On the left of the screen is a vertical border with icons.  This is the Task Navigator and it’s somewhat similar to the Dock used in Apple’s OS X.  Current and most-used application icons will reside there for easy access.  All of these can be selected via stylus or the hard buttons on the face of the 770.  These icons can be used in two ways: 1) to explicitly launch the selected program, or 2) to choose the entry point into the application via a pop-out menu (for instance, with email, directly jumping to the Inbox or going straight to Create a New E-mail).  I think this is superior to all current handheld interfaces.  Once an application is open, the Task Navigator can be hidden by pressing the Full Screen button at the top of the unit.  This is very handy for seeing more information while browsing the web, creating a document, or reading a PDF file or ebook.

When a program is open, it will generally have a Program Title tab at top left with a small triangle indicating drop-down menu options.  At the top right will appear a down-pointing Minimize icon and an X to quit the application.  Other options might also appear (some, depending on developers, might be global indicators, such as a battery status icon).  Some programs will also have a bottom bar with icons for options; for example, a word processor could display icons for document formatting.

In addition to this, some applications can have their displays dragged. When looking at a large photo in the Image Viewer, for example, the stylus can drag the picture around instead of using the 4-way directional hard button on the face of the 770.

What it’s like to use

The 770s I got demos of — and also used myself — were pre-production.  Although the hardware was mostly set in stone (aside from the battery they were using, which was lower-capacity than what shipping units will have), the software was not yet final.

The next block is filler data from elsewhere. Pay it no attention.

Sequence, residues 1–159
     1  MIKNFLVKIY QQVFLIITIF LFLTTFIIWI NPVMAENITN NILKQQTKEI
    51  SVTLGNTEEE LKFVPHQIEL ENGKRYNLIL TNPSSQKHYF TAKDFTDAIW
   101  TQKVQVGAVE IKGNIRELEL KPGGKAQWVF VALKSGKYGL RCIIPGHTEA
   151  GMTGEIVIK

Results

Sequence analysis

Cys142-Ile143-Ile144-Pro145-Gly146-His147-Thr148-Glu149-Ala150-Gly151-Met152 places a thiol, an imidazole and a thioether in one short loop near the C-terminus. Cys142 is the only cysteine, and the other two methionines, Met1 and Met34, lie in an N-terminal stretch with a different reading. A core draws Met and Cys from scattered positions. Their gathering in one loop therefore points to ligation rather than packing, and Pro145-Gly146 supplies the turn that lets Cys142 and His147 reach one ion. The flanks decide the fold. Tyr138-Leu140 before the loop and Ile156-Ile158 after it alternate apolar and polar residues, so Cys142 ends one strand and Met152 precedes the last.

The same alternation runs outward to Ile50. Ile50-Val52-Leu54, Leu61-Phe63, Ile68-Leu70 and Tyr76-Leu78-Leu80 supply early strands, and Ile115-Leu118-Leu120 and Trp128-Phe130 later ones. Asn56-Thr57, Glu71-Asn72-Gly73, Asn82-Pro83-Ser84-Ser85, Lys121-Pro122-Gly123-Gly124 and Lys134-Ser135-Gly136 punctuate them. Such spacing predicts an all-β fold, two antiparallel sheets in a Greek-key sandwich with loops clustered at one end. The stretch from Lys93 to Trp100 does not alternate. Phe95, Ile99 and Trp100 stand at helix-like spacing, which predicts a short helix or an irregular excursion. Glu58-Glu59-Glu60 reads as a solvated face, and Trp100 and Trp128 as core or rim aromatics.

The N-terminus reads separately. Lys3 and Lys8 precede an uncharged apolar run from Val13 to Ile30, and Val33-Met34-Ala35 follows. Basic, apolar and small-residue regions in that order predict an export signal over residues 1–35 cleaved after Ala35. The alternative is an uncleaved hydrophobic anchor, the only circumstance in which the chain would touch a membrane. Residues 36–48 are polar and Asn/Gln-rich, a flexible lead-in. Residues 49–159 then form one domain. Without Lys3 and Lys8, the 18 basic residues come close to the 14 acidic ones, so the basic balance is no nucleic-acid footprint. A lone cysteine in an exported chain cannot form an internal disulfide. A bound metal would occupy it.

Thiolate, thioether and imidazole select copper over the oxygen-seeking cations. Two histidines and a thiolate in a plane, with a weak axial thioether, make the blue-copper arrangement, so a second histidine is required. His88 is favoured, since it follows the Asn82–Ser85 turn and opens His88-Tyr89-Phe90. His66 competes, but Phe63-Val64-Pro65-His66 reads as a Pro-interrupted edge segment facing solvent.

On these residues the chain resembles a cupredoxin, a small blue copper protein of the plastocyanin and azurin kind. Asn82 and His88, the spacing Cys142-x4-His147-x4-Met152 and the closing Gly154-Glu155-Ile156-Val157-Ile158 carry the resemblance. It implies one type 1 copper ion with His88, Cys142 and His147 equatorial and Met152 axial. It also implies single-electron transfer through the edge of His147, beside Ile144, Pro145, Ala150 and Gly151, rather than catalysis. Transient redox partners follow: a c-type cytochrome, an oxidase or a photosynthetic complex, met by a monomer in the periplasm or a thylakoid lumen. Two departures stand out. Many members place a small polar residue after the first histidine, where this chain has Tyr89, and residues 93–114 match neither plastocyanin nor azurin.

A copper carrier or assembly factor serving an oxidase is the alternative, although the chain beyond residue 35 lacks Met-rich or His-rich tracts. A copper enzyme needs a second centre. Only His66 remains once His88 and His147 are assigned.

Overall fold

There has been a lot of talk on the net (generated by a single report) of the 770 being slow.  This is contrary to my own experience with it.  I noticed a good deal of delay in loading programs — most taking more than ten-fifteen seconds — but I was told that Nokia is still working on the software and they intend to minimize such delays as much as possible.  Since the 770 uses basically a full desktop operating system and offers the promise of applications being fuller-featured than other handheld units, I didn’t expect to see the instant loading I’ve been accustomed to with, say, my Palm Tungsten E.  Also, if waiting a few more seconds means having more powerful programs on a larger screen, I’ll take that trade-off.

During demonstrations and my own exploration of the 770, it also froze at points.  This also didn’t bother or surprise me.  Pre-production units tend to do these sorts of things.  I don’t expect the shipping 770 to be filled with the kind of launching delays and freezes I saw and experienced at this demonstration. I’m puzzled, though, how someone could extrapolate from the pre-production software on demonstration units to a final, shipping version.  That’s too big a leap to make, in my opinion.

If there’s one time a delay might be frustrating, it’ll be when doing a full Reset.  As designed, the 770 is intended to be turned on and booted once and thereafter to remain in Standby mode, with instant-on capability.  Holding the Power button down for several seconds causes a full Reset, which seemed to take about a minute or so to complete (and this is a very-fuzzy time estimate; the Nokia reps were exceedingly good at filling such time gaps with informative, although distracting, talk!). (I intend to have a stopwatch with me at future hardware fondles.)  Even here, I was told Nokia intends to decrease the delay.

If there was one disappointment for me, it was the handling of video.  I found the sample files to be unacceptably choppy.  Given the speed and type of CPU, this shouldn’t have been surprising to me.  I think Nokia is being ambitious by even including such a capability and I expect future units to handle this better.  For now, I consider it a future feature demonstration.  It can still be used, and possibly still be useful, but I don’t expect it to be thoroughly enjoyable.  (Perhaps here I am engaging in the kind of extrapolation I earlier chided someone else for doing.)